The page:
Records from the Jefferson County Clerk’s office show the Louisville Arena Authority owes the city over $55,000 in delinquent property taxes for year 2010.
Established by the Metro Council in 2006, the quasi-government agency was created to oversee constructing of the $238 million KFC Yum Center, which opened six months ago in the bosom of downtown Louisville.
The authority now supervises the arena’s day-to-day operations and features a who’s who list of local business leaders on its board of directors. According to local tax records, however, the authority currently owes $55,319 if paid by the end of May. If not, another interest penalty will be added and increase the delinquent tax to $55,919.
From LEO Weekly:
“They pay their bills, but I’m surprised to hear that one’s not paid up. That’s quite a surprise,” says Councilman Kelly Downard, R-16. “I did not see anything in the (authority’s annual) audit report that said anything about delinquent taxes, so I don’t know what’s going on.”
…according to the Arena Authority’s website, (it) can only use tax increment financing money to repay the $350 million in city bonds used to build the Yum! Center.
TIF funds are essentially a method of financing large development projects by offering subsidies (in this case, bonds) to an entity (in this case, the arena authority and Goldman Sachs) in the hopes that they develop a parcel of real estate in exchange for future, higher tax revenues that can be collected by the bond-giving municipality, thus resulting in a coveted “win-win,” or so the theory is supposed to work out.
According to Mark Rosentraub, University of Michigan professor of Sport Management and an expert on the financing of sports arenas, language in the ‘06 resolution makes clear that additional sources of revenue must be collected to pay the property taxes.
“I take it that the (authority) has a tax payment to make that was not exempted,” says Rosentraub. “If so, what are the sources of revenue available to the authority?” adding that it appears as though Louisville will have to divert some resources to make up the shortfall.
In December 2010, authority officials predicted the arena would turn a profit in 2011 on both its capital construction and operating budgets. And it was reported that after its first two months, the facility $130,000 in the black, according to Business First.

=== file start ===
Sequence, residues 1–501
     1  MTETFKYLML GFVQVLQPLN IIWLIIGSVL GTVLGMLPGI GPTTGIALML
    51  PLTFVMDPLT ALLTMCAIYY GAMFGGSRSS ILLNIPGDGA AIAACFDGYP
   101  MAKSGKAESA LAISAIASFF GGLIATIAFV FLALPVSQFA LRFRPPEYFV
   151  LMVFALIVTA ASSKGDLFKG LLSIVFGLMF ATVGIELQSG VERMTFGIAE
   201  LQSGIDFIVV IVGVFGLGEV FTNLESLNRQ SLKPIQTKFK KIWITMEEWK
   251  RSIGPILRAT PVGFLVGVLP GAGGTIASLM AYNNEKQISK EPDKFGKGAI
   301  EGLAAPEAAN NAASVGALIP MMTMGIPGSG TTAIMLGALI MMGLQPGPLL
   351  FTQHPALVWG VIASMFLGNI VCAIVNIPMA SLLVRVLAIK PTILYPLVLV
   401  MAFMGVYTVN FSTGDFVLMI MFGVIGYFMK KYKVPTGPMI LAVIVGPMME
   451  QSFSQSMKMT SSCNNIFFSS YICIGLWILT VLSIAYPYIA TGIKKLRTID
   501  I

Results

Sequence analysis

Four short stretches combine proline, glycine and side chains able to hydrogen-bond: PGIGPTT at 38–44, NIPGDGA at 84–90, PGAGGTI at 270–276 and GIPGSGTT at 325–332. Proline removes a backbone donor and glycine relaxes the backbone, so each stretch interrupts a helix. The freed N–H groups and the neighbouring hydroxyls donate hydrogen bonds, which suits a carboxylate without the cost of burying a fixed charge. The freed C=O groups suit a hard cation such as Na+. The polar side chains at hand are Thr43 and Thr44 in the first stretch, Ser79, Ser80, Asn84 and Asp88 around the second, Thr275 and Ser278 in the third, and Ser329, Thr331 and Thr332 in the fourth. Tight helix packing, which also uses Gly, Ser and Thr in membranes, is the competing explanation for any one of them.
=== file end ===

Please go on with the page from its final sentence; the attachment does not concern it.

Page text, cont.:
An authority spokesperson has not returned out request for comment.
Authority spokeswoman Amanda Storment says the agency doesn’t owe the city any property taxes because it is exempt due to its non-profit status.
“We’ve got a letter from the department of revenue dated back in 2006 that if you’re a 501(c)3 you don’t pay real property taxes,” she says. “I’m not sure what you’ve got or what’s going on. I’m just not sure what the issue is.”
Asked about listings on the Jefferson County clerk and sheriff’s office websites, which both show delinquent taxes are due, Storment pointed back to a message from the state’s office of property valuation (warning:PDF) dated November 20, 2006.
“I just don’t understand that,” says Storment. “We have a letter. I’m certainly no tax expert, but all I can tell is this is what this letter says.”
WFPL News has left messages seeking comment from the county clerk’s office and state department of revenue.
Despite its non-profit status, the Louisville Arena Authority is required to make pay taxes to the Louisville Downtown Management District based on the property assessment of the Yum Center. The arena is likely exempt from state taxes due to that status, but it still has to pay the downtown district agency to provide services such as security and cleaning.
Apparently, the authority is holding up those payments while discussing terms of a new flat fee.
From the Courier-Journal:
Harold Workman, president of the Kentucky State Fair Board, which operates the arena, acknowledged receiving a bill requesting payment.
Workman said in an interview that he and Deb DeLor, the district’s executive director, had been discussing the possibility of a “negotiated flat fee” for some of the district’s services—an arrangement similar to the fair board’s deal at the Kentucky International Convention Center.
Workman said the arena authority is not trying to avoid paying its assessment.
“As far as I’m concerned we’re still working with the downtown management district,” he said.